Force will decrease on concentric movements due to deceleration, while force will increase on eccentric movements due to acceleration. This leads us to a problem that many never consider: optimal eccentrics. How much muscle tension should one use on eccentric movements? If it is true that an individual can lower 60% more than they can raise, then applying 100% of his eccentric strength, he could hold the bar at any position. However, he would destroy the stretch reflex with heavy weights. Overcoming inertia is done with light weights with a fast eccentric stop to build reversal strength. This is ballistic training. The bar never touches the chest.  One to three inches off the chest is recommended. If you drop a 10-pound rock and a 1-pound rock from the same distance, they hit the ground at the same time. But as one lowers a heavy weight, as the weight increases, the eccentric phase slows down. This is due to too much eccentric muscle action.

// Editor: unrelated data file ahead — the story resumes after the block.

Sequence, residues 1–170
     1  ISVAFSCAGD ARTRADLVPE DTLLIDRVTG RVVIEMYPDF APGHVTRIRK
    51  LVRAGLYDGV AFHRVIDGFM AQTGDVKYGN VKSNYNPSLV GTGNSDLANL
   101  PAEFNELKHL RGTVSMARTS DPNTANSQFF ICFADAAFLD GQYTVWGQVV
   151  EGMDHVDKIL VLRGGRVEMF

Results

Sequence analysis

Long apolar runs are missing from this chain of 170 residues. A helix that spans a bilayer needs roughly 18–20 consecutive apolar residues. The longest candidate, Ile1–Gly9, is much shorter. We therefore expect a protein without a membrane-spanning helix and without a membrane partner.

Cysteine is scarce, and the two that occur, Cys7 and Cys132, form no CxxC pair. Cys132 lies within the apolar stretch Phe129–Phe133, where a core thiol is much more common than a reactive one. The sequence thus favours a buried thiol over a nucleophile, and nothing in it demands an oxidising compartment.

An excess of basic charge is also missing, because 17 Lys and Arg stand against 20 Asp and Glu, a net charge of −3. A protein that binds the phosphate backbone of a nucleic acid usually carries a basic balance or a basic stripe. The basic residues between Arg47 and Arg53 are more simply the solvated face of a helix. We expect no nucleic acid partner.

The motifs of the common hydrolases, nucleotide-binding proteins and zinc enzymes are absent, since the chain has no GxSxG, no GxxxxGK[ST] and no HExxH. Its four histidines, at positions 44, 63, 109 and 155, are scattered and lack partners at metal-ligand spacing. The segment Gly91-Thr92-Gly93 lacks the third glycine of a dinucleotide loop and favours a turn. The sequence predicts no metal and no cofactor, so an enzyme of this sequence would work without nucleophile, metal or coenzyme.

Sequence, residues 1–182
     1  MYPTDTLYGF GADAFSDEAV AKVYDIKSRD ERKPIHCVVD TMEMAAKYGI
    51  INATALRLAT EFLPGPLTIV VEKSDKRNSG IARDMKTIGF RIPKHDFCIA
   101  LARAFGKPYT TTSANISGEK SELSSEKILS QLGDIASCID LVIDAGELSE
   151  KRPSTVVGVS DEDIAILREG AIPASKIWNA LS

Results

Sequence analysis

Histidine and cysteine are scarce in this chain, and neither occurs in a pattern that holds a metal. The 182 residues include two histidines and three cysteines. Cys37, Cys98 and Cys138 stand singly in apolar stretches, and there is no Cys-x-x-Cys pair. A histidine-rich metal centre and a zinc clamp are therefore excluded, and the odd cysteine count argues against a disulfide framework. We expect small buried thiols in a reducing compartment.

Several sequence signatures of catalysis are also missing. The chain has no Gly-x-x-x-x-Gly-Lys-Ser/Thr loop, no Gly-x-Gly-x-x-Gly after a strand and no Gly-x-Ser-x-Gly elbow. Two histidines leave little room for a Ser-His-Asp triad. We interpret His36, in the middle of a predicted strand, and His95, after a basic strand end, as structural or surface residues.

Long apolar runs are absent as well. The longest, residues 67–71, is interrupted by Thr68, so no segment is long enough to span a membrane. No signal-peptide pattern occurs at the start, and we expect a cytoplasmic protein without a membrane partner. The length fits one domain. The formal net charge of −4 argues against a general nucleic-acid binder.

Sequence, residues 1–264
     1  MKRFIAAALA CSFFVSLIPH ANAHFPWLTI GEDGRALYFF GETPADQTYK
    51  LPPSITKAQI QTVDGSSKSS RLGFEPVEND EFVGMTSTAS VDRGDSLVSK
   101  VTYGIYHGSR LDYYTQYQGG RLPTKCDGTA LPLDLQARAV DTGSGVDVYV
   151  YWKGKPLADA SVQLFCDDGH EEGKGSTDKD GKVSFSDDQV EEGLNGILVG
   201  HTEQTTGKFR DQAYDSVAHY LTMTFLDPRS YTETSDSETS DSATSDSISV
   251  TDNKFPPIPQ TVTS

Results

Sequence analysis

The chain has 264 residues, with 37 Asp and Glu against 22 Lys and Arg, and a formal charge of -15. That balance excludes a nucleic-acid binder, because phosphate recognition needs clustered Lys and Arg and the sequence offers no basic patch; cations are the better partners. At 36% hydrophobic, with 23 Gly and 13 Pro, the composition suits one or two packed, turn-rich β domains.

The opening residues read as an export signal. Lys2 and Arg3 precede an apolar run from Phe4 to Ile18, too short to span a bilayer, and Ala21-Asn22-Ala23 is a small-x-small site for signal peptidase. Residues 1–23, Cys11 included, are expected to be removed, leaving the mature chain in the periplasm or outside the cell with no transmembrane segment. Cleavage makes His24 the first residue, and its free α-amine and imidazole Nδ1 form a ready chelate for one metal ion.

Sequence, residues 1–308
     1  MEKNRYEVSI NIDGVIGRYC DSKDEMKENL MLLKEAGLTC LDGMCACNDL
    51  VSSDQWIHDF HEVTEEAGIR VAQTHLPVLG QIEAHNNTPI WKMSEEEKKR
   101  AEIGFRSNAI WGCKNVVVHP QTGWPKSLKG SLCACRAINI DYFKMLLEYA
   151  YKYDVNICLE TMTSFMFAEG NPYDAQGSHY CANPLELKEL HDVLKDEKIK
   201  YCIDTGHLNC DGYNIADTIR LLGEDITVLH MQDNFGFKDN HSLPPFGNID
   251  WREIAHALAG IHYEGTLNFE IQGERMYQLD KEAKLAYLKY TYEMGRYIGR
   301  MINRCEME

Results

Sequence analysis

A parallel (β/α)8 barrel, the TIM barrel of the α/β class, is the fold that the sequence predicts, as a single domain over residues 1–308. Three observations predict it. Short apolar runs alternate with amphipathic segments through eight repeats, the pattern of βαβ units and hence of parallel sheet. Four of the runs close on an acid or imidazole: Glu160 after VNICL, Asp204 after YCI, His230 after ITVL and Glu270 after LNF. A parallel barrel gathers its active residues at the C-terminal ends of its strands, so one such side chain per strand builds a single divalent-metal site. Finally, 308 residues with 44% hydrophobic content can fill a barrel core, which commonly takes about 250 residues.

There are optimal bar speeds for velocity training, where the objective is fast movements with light loads, and for force training, where the bar speed may be zero or very low, to produce maximum force. There are optimal bar speeds for these efforts, and they are always measured in concentric movements. So should there not be an optimal eccentric speed? Of course, it is just that no one has ever considered it. Until now.  

How can you learn to optimally lower heavy loads in the pressing and squatting or good morning exercises? You can use a foam block for assisted eccentrics training. In my experiments with a Tendo unit, comparing the eccentric and concentric bar speed with speed strength benching and squatting, the difference was one-tenth of a meter per second. The same was true for a circa-max phase in the squat. A combination of band tension and weight was used. The bands cause an accommodating resistance effect on the concentric phase and an overspeed eccentric effect on the eccentric phase, increasing kinetic energy in the stretch reflex.